By the Victorian era, Joan had inexplicably become Judy and the show had more or less coalesced into what you see today—very broad, visual, whacks-to-the-groin comedy, with a dark underbelly.
A typical Punch and Judy show plays out as follows:
Mr. Punch is a “jolly good fellow” who likes to drink and chase girls; soon, however, he gives in to his comically gruesome homicidal tendencies. For example, in the 1827 Tragical Comedy or Comical Tragedy of Punch and Judy, the first published Punch and Judy script, he has a run-in with a dog, who bites his nose. When the dog’s owner comes along, Punch knocks his head clean off his shoulders with his “slapstick.” (The etymology of the word slapstick revealed!)
When Judy arrives, she goes to fetch their baby and leaves it alone with her husband. Mr. Punch proceeds to (your pick) knock the baby against the stage, throw it into the audience, toss it out the window, put it through his sausage-making machine(!), or even sit on it. Judy retruns and is outraged, so Mr. Punch beats her to death with the stick (!!).
When the Policeman, Doctor or some other authority figure comes to investigate, Mr. Punch whacks him with his stick. Should Joey the Clown show up, he too will be chased off or murdered by the stick-wielding Punch.
In some of the earlier versions, Mr. Punch was ultimately arrested and brought to the Hangman’s noose—but he manages to trick the Hangman into putting his own head in the noose, resulting in the end of the Hangman. Ultimately, Punch faces the Devil himself—and it’s usually Punch who wins, capping his murderous streak with the words, “That’s the way to do it!”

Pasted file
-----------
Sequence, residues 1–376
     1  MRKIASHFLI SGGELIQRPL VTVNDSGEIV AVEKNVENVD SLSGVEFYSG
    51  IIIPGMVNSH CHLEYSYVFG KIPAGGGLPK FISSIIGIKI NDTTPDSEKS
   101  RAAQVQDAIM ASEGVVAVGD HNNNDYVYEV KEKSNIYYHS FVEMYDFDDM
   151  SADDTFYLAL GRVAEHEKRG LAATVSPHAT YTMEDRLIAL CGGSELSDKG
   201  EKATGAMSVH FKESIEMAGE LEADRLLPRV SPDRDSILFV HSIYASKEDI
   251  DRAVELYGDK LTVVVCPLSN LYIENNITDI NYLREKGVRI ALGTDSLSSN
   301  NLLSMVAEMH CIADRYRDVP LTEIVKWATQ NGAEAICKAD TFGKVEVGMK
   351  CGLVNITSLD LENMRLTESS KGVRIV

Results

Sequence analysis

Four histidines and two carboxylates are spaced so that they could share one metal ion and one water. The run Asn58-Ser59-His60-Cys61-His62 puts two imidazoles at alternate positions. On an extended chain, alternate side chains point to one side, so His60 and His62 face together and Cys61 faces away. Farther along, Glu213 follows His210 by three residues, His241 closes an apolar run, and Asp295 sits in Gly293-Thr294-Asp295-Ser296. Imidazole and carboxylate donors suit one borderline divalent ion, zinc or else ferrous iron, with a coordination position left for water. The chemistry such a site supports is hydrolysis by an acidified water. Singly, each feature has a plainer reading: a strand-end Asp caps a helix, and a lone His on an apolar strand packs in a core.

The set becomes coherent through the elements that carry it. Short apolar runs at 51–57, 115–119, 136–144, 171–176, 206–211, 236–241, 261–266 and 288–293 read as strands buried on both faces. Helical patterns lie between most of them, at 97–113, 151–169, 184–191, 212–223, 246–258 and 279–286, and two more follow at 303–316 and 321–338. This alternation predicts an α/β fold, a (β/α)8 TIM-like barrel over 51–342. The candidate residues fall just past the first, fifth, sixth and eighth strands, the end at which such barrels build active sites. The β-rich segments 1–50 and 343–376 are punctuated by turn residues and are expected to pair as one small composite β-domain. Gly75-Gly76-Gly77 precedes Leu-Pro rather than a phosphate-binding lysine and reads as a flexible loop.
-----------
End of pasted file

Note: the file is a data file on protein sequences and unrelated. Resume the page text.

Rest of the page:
The violence, of course, has remained—and for that reason, Mr. Punch’s influence on children has understandably long been a source of worry. A New York Times article from February 11, 1896, describes children enjoying a Punch show on West 135th Street in Manhattan—and one “grave gentleman,” who resembled Punch “as if they were brothers,” grumbling at the policeman-beating scene and declaring, “It is a shame to show such things to children! How can you expect them to have any respect for the law?”
In 1947, the Middlesex County Council in England banned Punch and Judy from schools, prompting wide outcry from Punch fans and his eventual reinstatement. More than 50 years later, in 1999 and 2000, other councils in Britain considered banning Punch and Judy shows on the claim that they were too violent for children; they didn’t, but it was close.
This summer, Gold TV, a television station devoted to the old classics of British comedy, “rebooted” Punch and Judy. Punch was cast as a tracksuit-wearing benefits scrounger (welfare abuser) and Judy as a wannabe WAG (Oompa-Loompah-hued wife of a soccer player). Nick Clegg, Britain’s deputy prime minister, makes an appearance as “Cleggy the Clown”; Boris Johnson, London’s tow-headed mayor, is The Policeman; and Simon Cowell is, of course, the Judge. And, rather than sitting on the baby, Punch is caught trying to sell the child to an unnamed female pop star.
John Phelps and Gary Lawson were the writers behind the new script; Phelps defended his update as precisely what Punch needs to stay alive: “If they were first performing the same act from 350 years ago that they performed in Covent Garden, no one would be interested.”